Earlier this week I learned about another wonderful punctuation mark that seems to have fallen out of use – or I should say never really caught on – Percontation point or the Rhetorical Question mark. It might be used most appropriately in – are you crazy – where clearly the speaker is not expecting a response.
In the late 16th century, English printer Henry Denham was concerned that the unsavvy readers of English may not catch on to the fact that the question did not require a response and proposed the use of a backward question mark to indicate a rhetorical question. It didn’t really catch on and it fell out of use completely by the 17th century.
I can see it being quite useful on Twitter where one often doesn’t know whether a response is required or not. It also has found use in art work and tshirts.
Sometimes an exclamation mark just does not suffice – neither does just a question mark – the two have to be used together for full impact of the incredulity and shock expressed by the question. For those times we have the interrobang. A perfect example of when an interrobang is required is when one girlfriend says to another – “He said what‽” or when you ask your family, “Who ate the last piece of cake‽”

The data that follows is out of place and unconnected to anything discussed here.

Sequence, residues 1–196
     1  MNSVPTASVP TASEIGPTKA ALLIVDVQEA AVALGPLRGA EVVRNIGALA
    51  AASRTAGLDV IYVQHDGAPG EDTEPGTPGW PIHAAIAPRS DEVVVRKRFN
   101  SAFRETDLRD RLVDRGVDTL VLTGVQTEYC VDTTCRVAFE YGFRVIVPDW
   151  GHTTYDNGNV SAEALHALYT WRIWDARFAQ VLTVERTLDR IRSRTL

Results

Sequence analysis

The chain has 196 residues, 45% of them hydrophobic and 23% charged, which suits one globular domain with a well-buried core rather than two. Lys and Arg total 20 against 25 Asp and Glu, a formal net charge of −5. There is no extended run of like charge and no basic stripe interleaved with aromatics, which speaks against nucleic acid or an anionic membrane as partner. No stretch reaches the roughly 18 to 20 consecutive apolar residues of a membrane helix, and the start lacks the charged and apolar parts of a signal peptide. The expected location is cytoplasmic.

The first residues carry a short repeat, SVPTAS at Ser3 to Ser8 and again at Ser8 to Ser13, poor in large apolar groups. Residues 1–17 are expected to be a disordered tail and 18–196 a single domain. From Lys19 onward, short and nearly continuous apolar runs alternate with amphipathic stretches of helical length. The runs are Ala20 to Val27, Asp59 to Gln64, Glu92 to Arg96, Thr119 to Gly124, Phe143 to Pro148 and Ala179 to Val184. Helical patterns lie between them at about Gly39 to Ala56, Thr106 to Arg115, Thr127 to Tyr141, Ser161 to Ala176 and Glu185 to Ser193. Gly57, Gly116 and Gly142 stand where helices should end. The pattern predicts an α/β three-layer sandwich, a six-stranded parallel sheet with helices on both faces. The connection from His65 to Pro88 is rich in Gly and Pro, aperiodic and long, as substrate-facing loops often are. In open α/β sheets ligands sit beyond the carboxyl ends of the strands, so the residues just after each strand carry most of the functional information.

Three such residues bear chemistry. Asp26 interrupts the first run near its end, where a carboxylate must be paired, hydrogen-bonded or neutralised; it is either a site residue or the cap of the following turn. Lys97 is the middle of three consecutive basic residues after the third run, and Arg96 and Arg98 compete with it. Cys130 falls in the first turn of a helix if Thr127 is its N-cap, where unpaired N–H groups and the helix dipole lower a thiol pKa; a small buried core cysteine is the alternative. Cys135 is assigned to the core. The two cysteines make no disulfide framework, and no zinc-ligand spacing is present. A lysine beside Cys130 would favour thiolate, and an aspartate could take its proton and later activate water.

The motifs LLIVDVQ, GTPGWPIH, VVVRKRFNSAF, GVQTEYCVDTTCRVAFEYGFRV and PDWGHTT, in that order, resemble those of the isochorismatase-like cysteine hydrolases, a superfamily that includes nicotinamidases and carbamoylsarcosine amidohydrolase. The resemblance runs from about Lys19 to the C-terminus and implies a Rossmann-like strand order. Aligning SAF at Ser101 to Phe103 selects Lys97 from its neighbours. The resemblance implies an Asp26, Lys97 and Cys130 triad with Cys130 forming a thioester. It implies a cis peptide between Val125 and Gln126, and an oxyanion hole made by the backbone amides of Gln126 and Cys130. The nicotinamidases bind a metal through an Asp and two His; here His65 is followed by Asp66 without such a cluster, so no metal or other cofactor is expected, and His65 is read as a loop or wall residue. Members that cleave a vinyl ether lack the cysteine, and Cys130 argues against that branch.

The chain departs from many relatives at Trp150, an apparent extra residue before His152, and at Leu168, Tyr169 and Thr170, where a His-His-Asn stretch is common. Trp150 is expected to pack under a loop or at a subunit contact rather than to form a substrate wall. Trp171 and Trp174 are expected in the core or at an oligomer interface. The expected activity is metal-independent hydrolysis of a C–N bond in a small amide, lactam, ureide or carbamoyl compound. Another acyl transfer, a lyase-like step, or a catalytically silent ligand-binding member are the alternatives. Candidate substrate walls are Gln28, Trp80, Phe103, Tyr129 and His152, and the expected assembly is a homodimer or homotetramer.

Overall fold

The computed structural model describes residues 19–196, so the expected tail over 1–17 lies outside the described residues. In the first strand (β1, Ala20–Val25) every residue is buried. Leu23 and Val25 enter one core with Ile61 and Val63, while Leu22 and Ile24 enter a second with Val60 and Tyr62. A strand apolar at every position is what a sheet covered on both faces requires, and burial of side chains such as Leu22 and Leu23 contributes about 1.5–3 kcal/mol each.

The interrobang was first used by advertising agency owner Martin K. Specter when he used it in a TYPEtalks magazine article in 1962. The term itself is a combination of the Latin word for a rhetorical questions interrogatio, and the printer and proofreader’s slang for the exclamation mark, bang. The Remington typewriter included the interrobang key in its typewriter in 1968 – but sadly this very useful punctuation mark did not really gain much traction after the 1960s.
With its balance of excitement and outrage, and the prevalence of social media in our lives, I am surprised the interrobang has not caught on more, it seems to be a match made in heaven. Perhaps the time is right for the interrobang to rise again and take its rightful place in our shockaholic world.